Every trainer has found themselves in the predicament of standing in front of a classroom full of people who would rather be anywhere else. It feels like an impossible task to overcome: We know that people learn best when they are motivated, but you cannot motivate other people. So, what is a trainer to do? You may not be able to motivate others, but you can create an environment that encourages self-motivation. The following methods will help you to foster a motivating learning climate.
1. Create a need.
Every learner comes into your classroom thinking, “what’s in this for me?” Right off the bat, you need to answer that question. Start every presentation by providing your participants practical examples of what makes the information valuable and how they will benefit from learning it.
2. Cultivate a sense of personal responsibility.
After you’ve laid out the parameters of your presentation, instruct your participants to identify their goals for the session and what they are willing to do to accomplish them. This will transfer responsibility for the success of the session from you to them. Once they’ve created an investment, they will be more likely to feel motivated to reach a certain outcome.
3. Offer opportunities for choice.
We are inherently more motivated to do things we have elected to do. However, chances are good that many if not all of your participants are not attending training of their own volition. Offering small opportunities for choice—choosing between case studies to examine or selecting one of three different activities—will increase their investment in the session by ceding a sense of control.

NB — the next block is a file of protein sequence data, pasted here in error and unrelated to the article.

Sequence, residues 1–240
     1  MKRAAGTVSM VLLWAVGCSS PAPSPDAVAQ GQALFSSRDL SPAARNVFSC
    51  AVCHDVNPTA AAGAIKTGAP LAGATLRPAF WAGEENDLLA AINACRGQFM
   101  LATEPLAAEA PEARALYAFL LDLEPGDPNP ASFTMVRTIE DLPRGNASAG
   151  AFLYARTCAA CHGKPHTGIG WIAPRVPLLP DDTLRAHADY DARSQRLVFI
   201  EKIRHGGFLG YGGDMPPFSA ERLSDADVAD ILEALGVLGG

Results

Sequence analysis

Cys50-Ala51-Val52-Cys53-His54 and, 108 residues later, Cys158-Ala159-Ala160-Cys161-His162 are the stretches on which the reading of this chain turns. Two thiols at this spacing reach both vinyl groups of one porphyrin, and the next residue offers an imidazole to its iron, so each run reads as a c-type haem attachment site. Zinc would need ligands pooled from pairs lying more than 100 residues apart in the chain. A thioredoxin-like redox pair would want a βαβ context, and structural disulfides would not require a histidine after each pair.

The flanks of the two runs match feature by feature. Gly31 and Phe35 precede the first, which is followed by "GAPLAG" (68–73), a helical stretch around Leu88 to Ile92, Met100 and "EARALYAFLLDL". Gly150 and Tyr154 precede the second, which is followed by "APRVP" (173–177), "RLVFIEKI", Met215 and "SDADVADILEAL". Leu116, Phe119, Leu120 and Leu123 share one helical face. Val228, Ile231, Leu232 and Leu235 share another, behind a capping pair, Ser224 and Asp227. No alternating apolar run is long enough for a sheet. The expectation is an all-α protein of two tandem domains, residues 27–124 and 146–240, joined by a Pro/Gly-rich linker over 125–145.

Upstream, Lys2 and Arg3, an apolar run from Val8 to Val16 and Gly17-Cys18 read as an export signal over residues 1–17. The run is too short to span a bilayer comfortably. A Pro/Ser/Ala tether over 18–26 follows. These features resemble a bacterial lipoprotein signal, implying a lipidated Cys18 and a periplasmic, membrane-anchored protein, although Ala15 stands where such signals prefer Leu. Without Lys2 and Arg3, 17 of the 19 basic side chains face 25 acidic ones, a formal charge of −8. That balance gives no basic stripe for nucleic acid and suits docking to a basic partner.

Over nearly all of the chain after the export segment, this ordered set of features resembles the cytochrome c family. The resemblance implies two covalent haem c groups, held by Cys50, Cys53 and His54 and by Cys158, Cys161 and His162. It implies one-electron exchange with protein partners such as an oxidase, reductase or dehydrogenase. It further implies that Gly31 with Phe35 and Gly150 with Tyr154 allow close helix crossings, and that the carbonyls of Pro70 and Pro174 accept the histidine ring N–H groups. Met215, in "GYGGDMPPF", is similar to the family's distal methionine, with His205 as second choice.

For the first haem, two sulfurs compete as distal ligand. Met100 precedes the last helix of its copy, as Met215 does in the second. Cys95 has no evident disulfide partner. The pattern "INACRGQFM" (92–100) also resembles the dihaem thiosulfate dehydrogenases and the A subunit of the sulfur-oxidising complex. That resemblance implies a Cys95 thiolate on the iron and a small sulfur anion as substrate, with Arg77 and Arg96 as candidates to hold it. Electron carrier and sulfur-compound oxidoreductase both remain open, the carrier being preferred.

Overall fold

4.Foster wholesome competition.
Wholesome competition measures oneself against oneself. Don’t pit participants against each other, but challenge them to think, “Where am I now, and where do I want to be?” This can help them identify internal motivations, such as the desire for promotion, and will motivate them to seek self-improvement.
5. Tie content to life and long-range objectives.
As you move through your material, make a point of providing practical applications for each piece of content and establishing its big-picture utility. Understanding both the immediate and long-term practical benefits of learning make it easier for participants to absorb and apply.
By Becky Pike Pluth

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